The downside is that if you only ever do intensive reading, you won’t be getting the repetitions necessary to really absorb sentence patterns and structures as well as building a more varied vocabulary.

I think both approaches are valuable for the reasons I outlined above. In the beginning stages, you might do more intensive reading, and as you get better, probably switch to more extensive reading.

One thing I will sometimes do with manga is mix up both approaches, where I will first read through a chapter without looking anything up. You might be surprised how much you can understand! And then after that, I will do a second pass where I do an intensive read through.

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Any reading is good reading! :wink:
I go for exposure myself, reading is a way to test what I have learned and something I do for fun.
So I am “Team Extensive Reading” :wink:

I have done the more intensive look up method a few times, but it slows me down to a point where I lose interest, so it isn’t for me. When I join book clubs I try to read what everyone else share of breakdowns though, so have learned a lot through others.

I also do the dual read a lot. Combine with English. When I first started I did bubble by bubble. First Japanese, then English, then Japanese again to see if I could actually pick out the words. Later switched to whole page, then whole chapter. And now I sometimes only barely skim the English to see if I missed anything, without going back a second time.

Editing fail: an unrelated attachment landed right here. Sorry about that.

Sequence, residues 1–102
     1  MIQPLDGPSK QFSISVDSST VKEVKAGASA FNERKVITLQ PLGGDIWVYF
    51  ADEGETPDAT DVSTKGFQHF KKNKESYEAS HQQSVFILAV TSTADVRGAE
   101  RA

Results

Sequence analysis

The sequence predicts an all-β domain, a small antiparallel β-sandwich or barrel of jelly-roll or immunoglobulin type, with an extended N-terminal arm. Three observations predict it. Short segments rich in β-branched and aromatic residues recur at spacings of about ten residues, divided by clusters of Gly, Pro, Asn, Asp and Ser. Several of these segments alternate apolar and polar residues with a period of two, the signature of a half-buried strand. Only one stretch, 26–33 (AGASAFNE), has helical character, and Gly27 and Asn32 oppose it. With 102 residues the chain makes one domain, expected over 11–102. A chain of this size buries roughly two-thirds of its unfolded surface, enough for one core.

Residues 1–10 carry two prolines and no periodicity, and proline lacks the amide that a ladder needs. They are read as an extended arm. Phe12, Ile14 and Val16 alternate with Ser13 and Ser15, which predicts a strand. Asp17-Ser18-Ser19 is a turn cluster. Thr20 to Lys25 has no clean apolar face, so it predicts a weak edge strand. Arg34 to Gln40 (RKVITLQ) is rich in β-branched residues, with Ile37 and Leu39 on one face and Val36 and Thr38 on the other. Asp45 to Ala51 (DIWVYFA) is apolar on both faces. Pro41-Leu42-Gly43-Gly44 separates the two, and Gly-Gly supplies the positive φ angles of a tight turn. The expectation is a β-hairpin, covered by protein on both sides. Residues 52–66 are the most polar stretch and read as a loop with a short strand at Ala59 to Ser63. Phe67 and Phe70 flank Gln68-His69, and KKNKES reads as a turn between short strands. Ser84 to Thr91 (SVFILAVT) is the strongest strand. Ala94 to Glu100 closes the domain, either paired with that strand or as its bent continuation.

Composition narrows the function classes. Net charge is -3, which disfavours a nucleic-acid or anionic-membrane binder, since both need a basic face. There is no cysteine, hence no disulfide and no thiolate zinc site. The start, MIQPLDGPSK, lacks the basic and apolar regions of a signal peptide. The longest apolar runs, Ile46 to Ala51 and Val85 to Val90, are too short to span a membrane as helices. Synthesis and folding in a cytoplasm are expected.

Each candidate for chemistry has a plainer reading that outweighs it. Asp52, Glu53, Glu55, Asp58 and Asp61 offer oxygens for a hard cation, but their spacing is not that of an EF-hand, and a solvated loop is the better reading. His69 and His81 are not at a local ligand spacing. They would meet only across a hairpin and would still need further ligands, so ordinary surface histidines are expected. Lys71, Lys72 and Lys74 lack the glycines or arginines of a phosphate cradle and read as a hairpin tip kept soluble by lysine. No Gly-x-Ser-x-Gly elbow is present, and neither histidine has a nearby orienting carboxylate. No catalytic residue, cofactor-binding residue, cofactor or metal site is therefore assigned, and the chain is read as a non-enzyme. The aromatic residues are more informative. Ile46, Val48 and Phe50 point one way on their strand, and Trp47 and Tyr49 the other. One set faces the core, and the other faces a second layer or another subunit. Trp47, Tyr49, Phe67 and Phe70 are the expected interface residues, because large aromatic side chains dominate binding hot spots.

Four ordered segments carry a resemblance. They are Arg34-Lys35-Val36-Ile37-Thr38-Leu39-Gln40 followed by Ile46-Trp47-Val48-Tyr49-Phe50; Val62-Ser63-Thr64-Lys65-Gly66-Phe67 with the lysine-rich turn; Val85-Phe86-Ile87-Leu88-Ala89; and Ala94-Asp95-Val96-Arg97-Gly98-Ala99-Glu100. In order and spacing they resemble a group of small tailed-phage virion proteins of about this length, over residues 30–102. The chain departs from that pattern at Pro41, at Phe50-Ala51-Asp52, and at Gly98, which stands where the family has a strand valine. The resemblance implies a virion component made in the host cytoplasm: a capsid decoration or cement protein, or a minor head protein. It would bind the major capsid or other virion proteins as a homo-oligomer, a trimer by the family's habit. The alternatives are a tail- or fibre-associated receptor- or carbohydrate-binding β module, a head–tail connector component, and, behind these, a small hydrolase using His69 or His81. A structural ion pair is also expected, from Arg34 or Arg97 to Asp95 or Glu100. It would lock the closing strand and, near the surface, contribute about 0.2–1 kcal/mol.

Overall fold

No matter the method though, any reading that gives you joy is a good reading. If you push yourself where you no longer find any enjoyment it is less likely to be beneficial. I find it is better to read a little bit every day than a lot somedays for the same reason.

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Thanks so much for this resource.

I just started with this and I am already confused. Why is the kanji for blue and green the same. Why, Japan, why?

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It isn’t that the kanji is the same, it’s that the delineation of what is ‘blue’ and what is ‘green’ is a little different. In Japanese, living things are often described as being ‘blue’, so blue apples, blue trees, and blue traffic signal means go.

Blue あお 青
Green みどり 緑

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Im not exactly sure what みて this is meaning?
Since the name of this chapter is くちべに paired with the illistration my best guess is 廻る to go around. But that doesnt seem quite right. Can someone confirm or correct me?